If relict crystals are present in the melt at the initiation of cooling, the more equilibrium-like crystals typical of porphyritic textures are formed. When such experiments are quenched, the final product contains glass or fine grained material, often dendritic, enclosing the equilibrium phenocrysts. An example of this texture produced in experiments is shown in Figure 7. Equant, well formed crystals of olivine are set in a glassy matrix with a few dendrites present. In the natural prophyritic chondrule the glass has usually crystallized to a very fine grained material. In general, the size of the phenocrysts decreases and their number increases as the temperature at which the crystalline starting material melted is lowered and thus the number of nuclei increases. The range of conditions that control the development of porphyritic texture has been studied as a function of variations in the number, distribution, and kinds of heterogeneous nuclei (Lofgren and Russell, 1986; Lofgren, 1989). The transition from porphyritic texture to radial or barred (dendritic) texture for melts of constant composition has been studied as a function of the presence or absence of heterogeneous nuclei and cooling rate. Such variations in texture within a single melt have already been demonstrated for melts of lunar and terrestrial basalt composition (Lofgren, 1980, 1983; Grove and Beatty, 1980).
The "classic" barred olivine texture is a single plate dendrite (Donaldson, 1976) which shares the entire chondrule with the remaining glass or subsequent crystallization products. Olivine rimming the chondrule is often in optical continuity with the dendrite and thus is part of the plate dendrite. Because this texture is so striking, barred olivine (BO) chondrules are well known even to people outside the field of meteorites. When chondrules are discussed, a photomicrograph of a barred olivine texture is usually chosen as one of a few or even the only example. It is not surprising that considerable effort has been expended understanding its origin. Barred olivine textures comprise only a few percent of melt-textured chondrules, usually less than 5% (Gooding and Keil, 1981). The "classic" barred texture represents only 10% of the type 3 ordinary chondrite BO chondrules. By careful study, Weisberg (1987) determined that the multiple plate dendrite is a much more common that the single dendrite. Most investigators propose that BO chondrules form from melt droplets that crystallize rapidly upon cooling.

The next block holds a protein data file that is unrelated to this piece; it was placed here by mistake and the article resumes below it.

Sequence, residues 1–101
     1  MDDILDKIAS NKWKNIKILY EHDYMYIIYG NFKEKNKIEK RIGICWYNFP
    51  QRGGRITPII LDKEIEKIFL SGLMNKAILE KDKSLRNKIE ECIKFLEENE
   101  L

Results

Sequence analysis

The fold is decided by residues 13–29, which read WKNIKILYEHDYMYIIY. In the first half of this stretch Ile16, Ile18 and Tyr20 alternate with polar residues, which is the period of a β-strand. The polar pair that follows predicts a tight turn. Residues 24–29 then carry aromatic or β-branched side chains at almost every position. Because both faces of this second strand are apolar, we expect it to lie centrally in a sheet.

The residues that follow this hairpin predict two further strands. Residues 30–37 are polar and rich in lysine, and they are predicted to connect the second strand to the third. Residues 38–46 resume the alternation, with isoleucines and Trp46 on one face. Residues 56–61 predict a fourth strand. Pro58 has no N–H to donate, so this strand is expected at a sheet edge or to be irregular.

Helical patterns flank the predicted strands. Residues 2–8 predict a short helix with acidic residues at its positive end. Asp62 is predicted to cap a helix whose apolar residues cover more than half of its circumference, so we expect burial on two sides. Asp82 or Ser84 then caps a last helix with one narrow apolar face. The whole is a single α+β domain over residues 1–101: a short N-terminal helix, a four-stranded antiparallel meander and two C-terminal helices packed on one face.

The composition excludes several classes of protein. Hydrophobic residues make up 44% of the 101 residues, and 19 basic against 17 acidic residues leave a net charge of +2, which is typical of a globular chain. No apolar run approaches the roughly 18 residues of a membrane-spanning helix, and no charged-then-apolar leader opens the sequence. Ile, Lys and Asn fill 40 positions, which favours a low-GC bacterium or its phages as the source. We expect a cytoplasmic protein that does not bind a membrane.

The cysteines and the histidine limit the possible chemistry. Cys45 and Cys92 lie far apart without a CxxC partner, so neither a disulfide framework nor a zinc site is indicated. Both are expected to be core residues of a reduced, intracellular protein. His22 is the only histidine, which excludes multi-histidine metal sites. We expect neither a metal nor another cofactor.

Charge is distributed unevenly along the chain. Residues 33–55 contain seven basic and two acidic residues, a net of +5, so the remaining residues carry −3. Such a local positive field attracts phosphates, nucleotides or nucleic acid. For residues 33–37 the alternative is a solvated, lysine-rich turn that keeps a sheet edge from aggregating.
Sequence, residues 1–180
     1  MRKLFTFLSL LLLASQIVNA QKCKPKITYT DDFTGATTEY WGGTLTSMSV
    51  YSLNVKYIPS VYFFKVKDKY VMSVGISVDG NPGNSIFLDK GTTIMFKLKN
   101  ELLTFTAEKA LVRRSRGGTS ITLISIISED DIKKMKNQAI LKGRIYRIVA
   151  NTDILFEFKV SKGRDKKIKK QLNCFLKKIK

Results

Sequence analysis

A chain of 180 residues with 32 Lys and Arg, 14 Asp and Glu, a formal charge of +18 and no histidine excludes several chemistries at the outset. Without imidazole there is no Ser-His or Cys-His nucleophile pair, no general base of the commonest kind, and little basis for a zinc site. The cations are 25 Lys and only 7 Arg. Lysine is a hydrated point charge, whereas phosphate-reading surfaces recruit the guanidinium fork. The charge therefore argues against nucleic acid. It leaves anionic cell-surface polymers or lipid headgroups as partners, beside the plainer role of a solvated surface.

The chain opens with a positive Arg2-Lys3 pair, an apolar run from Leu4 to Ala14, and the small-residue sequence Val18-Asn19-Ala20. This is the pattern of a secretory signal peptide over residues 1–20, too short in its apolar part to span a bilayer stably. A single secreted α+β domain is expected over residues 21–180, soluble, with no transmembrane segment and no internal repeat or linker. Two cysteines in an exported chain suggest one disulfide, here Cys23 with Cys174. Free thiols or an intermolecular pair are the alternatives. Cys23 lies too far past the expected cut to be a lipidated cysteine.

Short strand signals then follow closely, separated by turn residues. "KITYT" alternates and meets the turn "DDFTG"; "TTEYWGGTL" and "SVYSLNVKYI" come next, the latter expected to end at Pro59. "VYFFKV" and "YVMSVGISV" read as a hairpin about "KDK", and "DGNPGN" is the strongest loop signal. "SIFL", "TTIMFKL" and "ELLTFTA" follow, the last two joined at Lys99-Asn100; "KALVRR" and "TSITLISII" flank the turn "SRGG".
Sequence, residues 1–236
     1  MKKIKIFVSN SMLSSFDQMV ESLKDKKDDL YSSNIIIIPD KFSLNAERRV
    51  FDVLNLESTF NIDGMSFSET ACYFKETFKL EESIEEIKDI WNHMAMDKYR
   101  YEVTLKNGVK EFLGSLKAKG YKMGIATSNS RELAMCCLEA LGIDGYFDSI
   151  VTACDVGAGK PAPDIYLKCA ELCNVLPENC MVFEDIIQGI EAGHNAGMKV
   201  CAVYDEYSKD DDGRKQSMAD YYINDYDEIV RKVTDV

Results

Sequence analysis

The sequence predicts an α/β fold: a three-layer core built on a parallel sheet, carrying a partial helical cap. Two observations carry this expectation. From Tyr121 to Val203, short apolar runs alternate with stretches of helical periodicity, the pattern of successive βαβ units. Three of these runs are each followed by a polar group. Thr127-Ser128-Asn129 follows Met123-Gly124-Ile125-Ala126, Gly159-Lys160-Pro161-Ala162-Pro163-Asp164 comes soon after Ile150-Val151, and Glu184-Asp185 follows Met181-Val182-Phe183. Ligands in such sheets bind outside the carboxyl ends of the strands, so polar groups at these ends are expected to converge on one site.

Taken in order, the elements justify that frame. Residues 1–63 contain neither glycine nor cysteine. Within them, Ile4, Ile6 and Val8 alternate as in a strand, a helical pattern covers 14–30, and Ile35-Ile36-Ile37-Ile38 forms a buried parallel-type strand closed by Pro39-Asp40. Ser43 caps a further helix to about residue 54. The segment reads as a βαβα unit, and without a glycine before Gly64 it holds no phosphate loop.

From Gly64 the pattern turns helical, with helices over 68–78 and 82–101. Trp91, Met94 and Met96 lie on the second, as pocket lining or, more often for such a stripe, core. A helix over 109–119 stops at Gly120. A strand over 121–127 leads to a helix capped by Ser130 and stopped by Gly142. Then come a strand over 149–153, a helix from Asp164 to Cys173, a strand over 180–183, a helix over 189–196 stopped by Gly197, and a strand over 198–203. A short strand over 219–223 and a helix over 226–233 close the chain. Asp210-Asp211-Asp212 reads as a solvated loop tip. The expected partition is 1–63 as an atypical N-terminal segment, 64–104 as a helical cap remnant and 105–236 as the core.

Attempts to duplicate BO textures experimentally showed that it is difficult to produce the "classic" single dendrite chondrule; conversely, multiple plate dendrites are observed commonly in experimental charges (Lofgren and Lanier, 1990). It turns out to be very difficult to restrict nucleation to a single event. An example of a barred dendrite is shown in Figure 8. Each dendrite is a series of parallel plates connected in the third dimension with respect to the plane of the thin section. The dendrite forms when nuclei are eliminated from the melt and only embryos remain. If the melt is cooled rapidly and does not crystallize, it becomes supercooled and embryos eventually become stable nuclei. When an olivine nucleus begins to grow, it will become a dendrite if the supercooling is sufficiently high.
These experiments clearly demonstrate the crystalline material must be present in the solar nebula when the chondrules form and suggests that they did not form by direct condensation from vapors in the solar nebula. Individual crystals most likely formed first and these were remelted in clusters to form the chondrules. An interesting fact that has come out of these studies is that the rate at which the melt droplets cool is not critical. They can cool at nearly the same rate and produce either the porphyritic texture if nuclei are present when cooling is initiated, or form dendrites (barred) chondrules if only embryos are present. The important factor is how hot the droplets become before they begin to cool and thus whether they retain any crystalline precursor material to act as nuclei or whether nuclei have to form from embryos. If the melt droplets are heated hot enough that even the embryos are eliminated, the droplets usually do not crystallize when cooled and form glass chondrules. Glass chondrules are rare and this places an upper temperature limit to which the melt droplets are heated which is approximately 1650ºC. A minimum melting temperataure of 1550ºC is dictated by the minimum amount of melting required to produce the observed textures. It is still not clear, however, what heat source provides such conditions (Wood, 1988). A popular model is heating due to viscous drag on particles as they move through dense parts of the solar nebula as proposed by Wood (1984).